4. You designate the property as your principal residence.

*Accounting for outlays and expenses:  There is also accounting for outlays and expenses. From your capital gain, you can subtract the costs necessary for selling your property, such as renovations and maintenance expenses, finders’ fees, commissions, brokers’ fees, surveyors’ fees, legal fees, transfer taxes and advertising costs.

Mitigating liability to the Canada Revenue Agency (CRA)

Under the new capital gains tax regime requires a strategic approach tailored to your specific circumstances.

Here are some avenues to explore:

  1. Timing of Sale: Consider the timing of selling your property. If feasible, strategically plan your sale to occur before the implementation date of the new tax changes, if they offer a more favourable tax rate compared to post-implementation.

  2. Utilize Principal Residence Exemption: If the property in question qualifies as your principal residence, you may be eligible for the principal residence exemption, which allows you to avoid paying tax on the capital gains. Ensure that you meet all eligibility criteria outlined by the CRA.

  3. Maximize Deductions: Take advantage of deductions permitted by the CRA. This includes deducting expenses related to the sale of the property, such as renovation costs, maintenance expenses, legal fees, and commissions. Keep meticulous records of these expenses to ensure compliance with CRA regulations.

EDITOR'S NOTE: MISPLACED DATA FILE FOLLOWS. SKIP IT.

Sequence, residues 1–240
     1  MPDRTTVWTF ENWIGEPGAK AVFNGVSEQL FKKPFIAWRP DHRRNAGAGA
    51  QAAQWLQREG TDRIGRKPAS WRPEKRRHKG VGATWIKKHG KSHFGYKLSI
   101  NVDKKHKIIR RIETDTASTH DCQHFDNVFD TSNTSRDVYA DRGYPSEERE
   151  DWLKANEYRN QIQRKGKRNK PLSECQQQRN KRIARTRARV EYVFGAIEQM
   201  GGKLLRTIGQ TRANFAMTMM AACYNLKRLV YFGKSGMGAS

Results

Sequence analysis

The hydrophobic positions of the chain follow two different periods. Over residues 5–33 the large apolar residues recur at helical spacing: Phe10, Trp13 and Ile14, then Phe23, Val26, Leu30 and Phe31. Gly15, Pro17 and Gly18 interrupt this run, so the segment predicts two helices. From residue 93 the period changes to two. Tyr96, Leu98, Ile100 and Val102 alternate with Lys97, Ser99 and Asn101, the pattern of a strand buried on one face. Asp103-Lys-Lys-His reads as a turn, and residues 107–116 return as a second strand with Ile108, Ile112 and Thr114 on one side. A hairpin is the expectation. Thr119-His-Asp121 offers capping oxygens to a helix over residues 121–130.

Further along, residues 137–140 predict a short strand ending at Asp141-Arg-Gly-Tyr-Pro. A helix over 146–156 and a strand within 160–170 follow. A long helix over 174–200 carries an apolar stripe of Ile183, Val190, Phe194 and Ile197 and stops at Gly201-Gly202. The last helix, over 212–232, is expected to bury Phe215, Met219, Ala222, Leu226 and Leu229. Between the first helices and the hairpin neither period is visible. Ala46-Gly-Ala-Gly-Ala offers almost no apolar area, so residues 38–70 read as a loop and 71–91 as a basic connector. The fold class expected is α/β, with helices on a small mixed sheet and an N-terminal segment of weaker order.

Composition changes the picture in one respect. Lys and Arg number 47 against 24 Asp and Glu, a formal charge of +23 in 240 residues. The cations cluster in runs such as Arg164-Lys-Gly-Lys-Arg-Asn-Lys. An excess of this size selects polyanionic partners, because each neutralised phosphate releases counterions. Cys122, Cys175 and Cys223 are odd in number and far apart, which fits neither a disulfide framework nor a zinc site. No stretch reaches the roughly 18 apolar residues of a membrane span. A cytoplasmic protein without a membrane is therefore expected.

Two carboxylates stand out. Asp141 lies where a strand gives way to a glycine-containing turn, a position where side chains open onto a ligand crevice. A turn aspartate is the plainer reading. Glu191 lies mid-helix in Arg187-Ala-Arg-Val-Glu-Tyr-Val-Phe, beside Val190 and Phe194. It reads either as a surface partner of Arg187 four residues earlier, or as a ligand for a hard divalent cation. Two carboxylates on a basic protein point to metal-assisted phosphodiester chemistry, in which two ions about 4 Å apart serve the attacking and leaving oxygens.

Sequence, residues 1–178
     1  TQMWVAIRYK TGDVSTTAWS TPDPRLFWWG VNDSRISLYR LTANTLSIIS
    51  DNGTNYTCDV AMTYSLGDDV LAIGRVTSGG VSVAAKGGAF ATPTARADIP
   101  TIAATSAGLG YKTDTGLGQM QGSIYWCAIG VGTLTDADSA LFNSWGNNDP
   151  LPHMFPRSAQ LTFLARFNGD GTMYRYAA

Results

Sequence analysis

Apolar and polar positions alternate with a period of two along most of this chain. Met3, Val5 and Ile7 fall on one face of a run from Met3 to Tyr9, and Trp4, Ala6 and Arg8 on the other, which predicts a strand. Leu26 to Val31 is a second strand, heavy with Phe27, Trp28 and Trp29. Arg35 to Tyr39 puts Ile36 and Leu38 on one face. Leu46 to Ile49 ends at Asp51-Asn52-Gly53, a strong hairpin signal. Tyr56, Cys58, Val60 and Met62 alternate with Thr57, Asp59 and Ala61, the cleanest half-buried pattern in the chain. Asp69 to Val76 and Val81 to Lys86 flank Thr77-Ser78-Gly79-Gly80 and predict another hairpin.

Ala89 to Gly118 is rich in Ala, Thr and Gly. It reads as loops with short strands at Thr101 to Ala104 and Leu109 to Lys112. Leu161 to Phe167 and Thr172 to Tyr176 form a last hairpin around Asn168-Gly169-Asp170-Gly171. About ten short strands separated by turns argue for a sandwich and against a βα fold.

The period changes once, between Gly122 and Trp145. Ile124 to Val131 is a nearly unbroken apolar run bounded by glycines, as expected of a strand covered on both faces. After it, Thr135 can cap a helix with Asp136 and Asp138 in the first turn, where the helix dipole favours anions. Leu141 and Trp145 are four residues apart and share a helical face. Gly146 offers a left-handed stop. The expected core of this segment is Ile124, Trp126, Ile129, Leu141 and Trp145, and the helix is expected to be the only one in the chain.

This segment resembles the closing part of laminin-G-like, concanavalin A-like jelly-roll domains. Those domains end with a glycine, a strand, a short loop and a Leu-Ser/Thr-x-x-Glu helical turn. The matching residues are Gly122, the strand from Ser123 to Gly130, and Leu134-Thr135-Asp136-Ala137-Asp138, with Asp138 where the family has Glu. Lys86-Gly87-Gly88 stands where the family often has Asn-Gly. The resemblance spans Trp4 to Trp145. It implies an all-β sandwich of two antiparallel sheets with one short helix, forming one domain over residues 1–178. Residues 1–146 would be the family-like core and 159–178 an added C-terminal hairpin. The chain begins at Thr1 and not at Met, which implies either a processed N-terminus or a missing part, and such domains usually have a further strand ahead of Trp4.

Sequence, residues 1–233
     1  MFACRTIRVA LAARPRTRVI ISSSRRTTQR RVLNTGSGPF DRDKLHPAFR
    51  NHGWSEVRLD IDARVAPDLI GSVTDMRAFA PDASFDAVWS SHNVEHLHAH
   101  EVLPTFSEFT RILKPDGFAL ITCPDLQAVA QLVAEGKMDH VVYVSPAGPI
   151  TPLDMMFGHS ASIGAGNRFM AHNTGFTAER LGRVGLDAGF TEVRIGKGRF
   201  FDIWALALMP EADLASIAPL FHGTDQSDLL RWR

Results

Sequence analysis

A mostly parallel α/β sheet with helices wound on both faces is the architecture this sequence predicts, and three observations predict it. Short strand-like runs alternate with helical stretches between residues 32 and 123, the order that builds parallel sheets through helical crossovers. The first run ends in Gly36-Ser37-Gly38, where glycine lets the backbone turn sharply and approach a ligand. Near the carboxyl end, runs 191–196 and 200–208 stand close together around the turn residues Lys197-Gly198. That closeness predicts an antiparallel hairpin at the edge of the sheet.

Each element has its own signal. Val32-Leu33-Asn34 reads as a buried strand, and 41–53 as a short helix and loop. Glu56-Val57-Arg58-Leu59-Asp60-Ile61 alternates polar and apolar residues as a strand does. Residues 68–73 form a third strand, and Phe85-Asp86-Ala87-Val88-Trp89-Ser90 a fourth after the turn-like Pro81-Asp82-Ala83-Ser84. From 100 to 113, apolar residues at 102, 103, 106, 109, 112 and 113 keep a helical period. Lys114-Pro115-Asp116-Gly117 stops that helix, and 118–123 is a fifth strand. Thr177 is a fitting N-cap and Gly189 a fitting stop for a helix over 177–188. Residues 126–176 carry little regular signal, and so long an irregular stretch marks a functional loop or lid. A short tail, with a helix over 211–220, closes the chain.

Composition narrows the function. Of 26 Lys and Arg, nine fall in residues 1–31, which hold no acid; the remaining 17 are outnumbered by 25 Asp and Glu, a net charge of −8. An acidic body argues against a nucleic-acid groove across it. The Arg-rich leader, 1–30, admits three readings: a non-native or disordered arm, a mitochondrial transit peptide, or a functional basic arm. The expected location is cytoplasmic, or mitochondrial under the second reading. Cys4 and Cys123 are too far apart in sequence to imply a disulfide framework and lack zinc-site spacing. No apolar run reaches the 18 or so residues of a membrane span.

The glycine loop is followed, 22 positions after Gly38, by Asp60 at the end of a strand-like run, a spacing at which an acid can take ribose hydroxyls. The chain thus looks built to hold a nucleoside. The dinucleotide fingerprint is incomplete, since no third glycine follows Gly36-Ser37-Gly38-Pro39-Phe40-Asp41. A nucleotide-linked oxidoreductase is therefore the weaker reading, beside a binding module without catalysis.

4. Strategic Use of Capital Losses: If you have incurred capital losses from other investments or properties, consider strategically using them to offset capital gains from the sale of your property. By utilizing capital losses effectively, you can reduce or eliminate your tax liability on the capital gains.

  5. Seek Professional Advice: Given the complexity of tax laws and regulations, especially in the context of the new tax changes, it's prudent to seek advice from tax professionals, such as accountants or tax advisors, who specialize in real estate taxation. They can provide personalized guidance based on your specific situation and help you navigate the intricacies of the tax code.

  6. Explore Alternative Ownership Structures: Depending on your circumstances and long-term goals, exploring alternative ownership structures, such as trusts or corporate ownership, may offer tax advantages. However, these options require careful consideration and should be evaluated in consultation with legal and financial experts.

  7. Monitor Legislative Changes: Stay informed about any further legislative changes or updates from the CRA that may impact your tax liability. Being proactive and adapting your tax strategy accordingly can help mitigate risks and optimize tax outcomes.

*By implementing a comprehensive tax strategy that incorporates these considerations and consulting with professionals as needed, you can mitigate your liability to the CRA under the new capital gains tax framework.


If you have any questions or concerns about your property/properties and would like to have a chat about what this may mean to you, your first call should be to your Accountant and then of course, a quick call to me so we can discuss any potential options you might want to consider prior to June 25, 2024!

Posted by Stephen Foster on